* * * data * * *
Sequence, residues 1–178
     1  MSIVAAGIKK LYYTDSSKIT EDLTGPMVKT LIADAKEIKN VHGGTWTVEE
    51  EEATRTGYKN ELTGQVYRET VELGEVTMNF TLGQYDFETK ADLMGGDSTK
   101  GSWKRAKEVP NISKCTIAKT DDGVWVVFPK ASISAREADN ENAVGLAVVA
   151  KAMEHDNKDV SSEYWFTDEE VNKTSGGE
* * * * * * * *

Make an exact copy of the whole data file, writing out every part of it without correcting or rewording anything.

Sequence, residues 1–178
     1  MSIVAAGIKK LYYTDSSKIT EDLTGPMVKT LIADAKEIKN VHGGTWTVEE
    51  EEATRTGYKN ELTGQVYRET VELGEVTMNF TLGQYDFETK ADLMGGDSTK
   101  GSWKRAKEVP NISKCTIAKT DDGVWVVFPK ASISAREADN ENAVGLAVVA
   151  KAMEHDNKDV SSEYWFTDEE VNKTSGGE